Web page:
political organization

political organization

Father Coughlin: December 18, 1938 - Jewish And Christian Concept Of The Messiah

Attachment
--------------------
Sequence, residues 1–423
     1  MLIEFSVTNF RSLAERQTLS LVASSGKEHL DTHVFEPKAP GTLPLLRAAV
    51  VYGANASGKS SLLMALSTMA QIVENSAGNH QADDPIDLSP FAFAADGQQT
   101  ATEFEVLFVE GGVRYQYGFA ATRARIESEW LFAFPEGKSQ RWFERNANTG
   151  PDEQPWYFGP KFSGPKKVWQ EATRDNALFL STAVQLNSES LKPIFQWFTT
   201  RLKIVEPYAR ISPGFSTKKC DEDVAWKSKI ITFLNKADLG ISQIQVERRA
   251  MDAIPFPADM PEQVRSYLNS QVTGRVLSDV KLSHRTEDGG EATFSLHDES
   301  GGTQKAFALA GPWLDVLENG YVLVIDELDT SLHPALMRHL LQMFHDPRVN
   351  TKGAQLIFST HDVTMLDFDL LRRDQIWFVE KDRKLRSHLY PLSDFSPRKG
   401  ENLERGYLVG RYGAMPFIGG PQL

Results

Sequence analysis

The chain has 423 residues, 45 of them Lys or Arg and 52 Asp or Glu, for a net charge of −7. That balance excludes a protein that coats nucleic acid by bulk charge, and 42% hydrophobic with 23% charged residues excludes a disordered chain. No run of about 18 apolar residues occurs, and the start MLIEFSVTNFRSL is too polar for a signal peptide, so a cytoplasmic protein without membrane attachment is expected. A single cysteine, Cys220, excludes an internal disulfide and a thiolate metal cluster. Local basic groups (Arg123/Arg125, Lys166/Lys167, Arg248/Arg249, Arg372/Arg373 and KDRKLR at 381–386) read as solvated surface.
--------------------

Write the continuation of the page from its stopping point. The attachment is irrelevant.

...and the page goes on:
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Father Charles Edward Coughlin (October 25, 1891 – October 27, 1979) was a controversial Roman Catholic priest at Royal Oak, Michigan's National Shrine of the Little Flower church. He was one of the first political leaders to use radio to reach a mass audience, as possibly thirty million listeners tuned to his weekly broadcasts during the 1930s. Early in his career Coughlin was a vocal supporter of Franklin D. Roosevelt and his early New Deal proposals, before later becoming a harsh critic of Roosevelt as too friendly to bankers. In 1934 he announced a new political organization called the National Union for Social Justice. He wrote a platform calling for monetary reforms, the nationalization of major industries and railroads, and protection of the rights of labor. The membership ran into the millions, resembling the Populist movement of the 1890s. After hinting at attacks on Jewish bankers, Coughlin began to use his radio program to issue antisemitic commentary, and later to support at least some of the policies of Adolf Hitler and Benito Mussolini. The broadcasts have been called "a variation of the Fascist agenda applied to American culture". His chief topics were political and economic rather than religious, with his slogan being Social Justice, first with, and later against, the New Deal. Many American bishops as well as the Vatican wanted him silenced, but it was the Roosevelt administration that finally forced the cancellation of his radio program and forbade the dissemination through the post of his newspaper, Social Justice. Coughlin began his radio broadcasts in 1926 on station WJR, in response to cross burnings by the Ku Klux Klan on the grounds of his church, giving a weekly hour-long radio program. His program was picked up by CBS four years later for national broadcast. Until the beginning of the Depression, Father Coughlin mainly covered religious topics in his weekly radio addresses, in contrast to the political topics which dominated his radio speeches throughout the 1930s. His radio addresses began to communicate a more political message in January 1930, when he began a series of attacks against communism and socialism. In addition to attacking communism and socialism, he also criticized the capitalists in America whose greed had made Communist ideology attractive to many Americans. Having gained a reputation as an outspoken anti-communist, in July 1930 he was given star billing as a witness before the House Committee to Investigate Communist Activities. In 1931 the CBS radio network dropped free sponsorship after Coughlin refused to accept network demands that his scripts be reviewed prior to broadcast, so he raised money to create his own national network, which soon reached millions of listeners on a 36-station hookup. He strongly endorsed Franklin D. Roosevelt during the 1932 Presidential election. He was an early supporter of Roosevelt's New Deal reforms and coined the phrase "Roosevelt or Ruin", which became famous during the early days of the first FDR administration. Another phrase he became known for was "The New Deal is Christ's Deal." In January 1934, Coughlin testified before Congress in support of FDR's policies, saying, "If Congress fails to back up the President in his monetary program, I predict a revolution in this country which will make the French Revolution look silly!" He further stated to the Congressional hearing, "God is directing President Roosevelt." --------------------------------------------------------------------------------